KUALA LUMPUR, Dec 7 — Unlike the United States and the United Kingdom, there were no differences in severity of Covid-19 based on gender and ethnicity in Malaysia, according to a local study.
The research by Benedict Lim Heng Sim et al, published on November 2 in The Lancet Regional Health – Western Pacific journal, cited other studies that showed health disparities in the US, with more African Americans suffering from poorer Covid-19 outcomes.
“The Malaysian public health care system is subsidised with good accessibility for both citizens and foreigners according to geographical coverage,” wrote the researchers from Sungai Buloh Hospital’s Infectious Disease Department, the Institute for Clinical Research’s Digital Health Research and Innovation Unit, and Seberang Jaya Hospital’s Clinical Research Centre.
The Malaysian research studied 5,889 Covid-19 cases who were admitted to hospitals nationwide and recruited from 18 designated Covid-19 hospitals between February 1 and May 30. Overall, 95 per cent presented with mild disease (Stages 1 to 3) on admission, and 3.5 per cent subsequently progressed to severe disease (Stages 4 and 5).
Covid-19 patients are categorised based on five clinical stages — Stage 1 is asymptomatic, Stage 2 is symptomatic without pneumonia, Stage 3 refers to pneumonia without hypoxia, Stage 4 patients have pneumonia with hypoxia; while Stage 5 patients are critically ill. Hypoxia is a condition when tissues of the body don’t receive sufficient oxygen supply.
The study reported up to 92 per cent of Covid-19 cases having mild disease, while 3.3 per cent, or 193 cases, were admitted to the intensive care unit (ICU). Fifty-one cases were admitted for at least 14 days in ICU. Almost 80 per cent of all ICU admissions occurred within the first five days of hospitalisation.
In terms of ethnic breakdown, 58.4 per cent of the 5,889 Covid-19 cases in the study were Malaysian Malay, followed by non-nationals (23.8 per cent), other ethnic groups in Sabah and Sarawak and indigenous people from the peninsula (8.9 per cent), Malaysian Chinese (6.7 per cent), and Malaysian Indian (2.3 per cent).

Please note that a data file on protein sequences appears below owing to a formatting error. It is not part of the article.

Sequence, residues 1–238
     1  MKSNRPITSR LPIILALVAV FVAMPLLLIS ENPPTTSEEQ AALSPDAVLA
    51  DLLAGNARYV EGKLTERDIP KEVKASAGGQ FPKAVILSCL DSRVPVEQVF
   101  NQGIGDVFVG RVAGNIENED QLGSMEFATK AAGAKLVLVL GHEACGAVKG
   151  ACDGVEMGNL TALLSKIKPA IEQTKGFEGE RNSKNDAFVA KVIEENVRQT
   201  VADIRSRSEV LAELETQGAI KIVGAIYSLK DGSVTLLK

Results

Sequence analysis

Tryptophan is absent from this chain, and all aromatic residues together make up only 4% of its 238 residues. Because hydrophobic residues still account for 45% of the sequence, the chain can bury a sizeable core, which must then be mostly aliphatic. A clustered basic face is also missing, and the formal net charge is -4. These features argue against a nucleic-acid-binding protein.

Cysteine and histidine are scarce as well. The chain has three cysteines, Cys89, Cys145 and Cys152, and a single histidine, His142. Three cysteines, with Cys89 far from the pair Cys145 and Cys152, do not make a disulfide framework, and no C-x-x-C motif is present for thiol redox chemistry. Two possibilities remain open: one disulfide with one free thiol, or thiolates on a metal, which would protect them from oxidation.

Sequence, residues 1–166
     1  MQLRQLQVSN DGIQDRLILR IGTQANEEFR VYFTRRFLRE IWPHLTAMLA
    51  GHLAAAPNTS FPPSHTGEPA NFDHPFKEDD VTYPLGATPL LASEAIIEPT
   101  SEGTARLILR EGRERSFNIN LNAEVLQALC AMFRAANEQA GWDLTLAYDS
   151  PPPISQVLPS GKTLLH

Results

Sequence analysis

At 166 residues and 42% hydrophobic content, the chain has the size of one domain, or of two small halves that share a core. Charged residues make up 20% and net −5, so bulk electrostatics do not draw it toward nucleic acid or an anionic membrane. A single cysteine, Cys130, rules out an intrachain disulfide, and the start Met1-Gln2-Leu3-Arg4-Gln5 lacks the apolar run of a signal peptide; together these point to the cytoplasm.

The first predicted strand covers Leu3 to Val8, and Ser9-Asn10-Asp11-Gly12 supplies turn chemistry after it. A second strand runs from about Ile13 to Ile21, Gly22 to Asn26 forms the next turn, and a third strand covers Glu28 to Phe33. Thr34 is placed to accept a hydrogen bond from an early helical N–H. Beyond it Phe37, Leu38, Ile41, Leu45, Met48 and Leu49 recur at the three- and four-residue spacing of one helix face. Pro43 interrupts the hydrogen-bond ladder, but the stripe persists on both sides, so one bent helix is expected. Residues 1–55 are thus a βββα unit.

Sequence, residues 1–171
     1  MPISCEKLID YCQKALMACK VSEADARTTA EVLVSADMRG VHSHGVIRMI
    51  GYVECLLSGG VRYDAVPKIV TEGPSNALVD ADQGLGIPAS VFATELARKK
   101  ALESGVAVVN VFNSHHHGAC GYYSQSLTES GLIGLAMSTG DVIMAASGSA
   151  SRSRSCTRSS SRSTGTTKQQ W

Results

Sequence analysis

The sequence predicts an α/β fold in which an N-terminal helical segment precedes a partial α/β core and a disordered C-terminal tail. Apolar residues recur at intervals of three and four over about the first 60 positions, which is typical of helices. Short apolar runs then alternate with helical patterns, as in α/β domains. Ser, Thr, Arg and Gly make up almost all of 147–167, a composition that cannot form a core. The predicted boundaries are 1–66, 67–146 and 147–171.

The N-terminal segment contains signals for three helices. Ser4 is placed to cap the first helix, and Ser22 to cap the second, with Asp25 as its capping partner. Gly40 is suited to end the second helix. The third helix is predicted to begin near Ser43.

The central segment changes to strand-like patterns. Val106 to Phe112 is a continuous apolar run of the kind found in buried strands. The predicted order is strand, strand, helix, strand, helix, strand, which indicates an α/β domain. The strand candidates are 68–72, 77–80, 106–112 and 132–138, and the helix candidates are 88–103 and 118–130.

The local study showed that of the 471 severe Covid-19 cases, which comprised about 8 per cent of total participants, the proportion of men was mostly the same, at 71.5 per cent, as the male share in the mild disease group at 71.7 per cent.
However, the ethnic composition for Malays, Chinese, and Indians were higher in the severe disease category (70 per cent, 12.1 per cent, and 4.5 per cent respectively), compared to their share in the mild disease group (57.4 per cent, 6.2 per cent, and 2.1 per cent respectively).
Other Malaysian ethnic groups comprised 8.5 per cent of the severe disease category, slightly lower than their 8.9 per cent share in the mild group. Foreigners only comprised 4.9 per cent of severe Covid-19 cases, far smaller than their 25.4 per cent share of mild cases.
Majority of Malaysians and non-nationals with Covid-19 experienced mild disease. Most foreigners, or 98.3 per cent, had mild Covid-19 disease, followed by other Malaysian ethnic groups (92.3 per cent), Malays (90.4 per cent), Chinese (85.4 per cent), and Indians (84.4 per cent).
Researchers said their Malaysian study, titled “Clinical characteristics and risk factors for severe Covid-19 infections in Malaysia: A nationwide observational study” was the first national study in Southeast Asia for all lab-confirmed Covid-19 cases “representing a whole country’s experience with definite outcome showing low mortality”.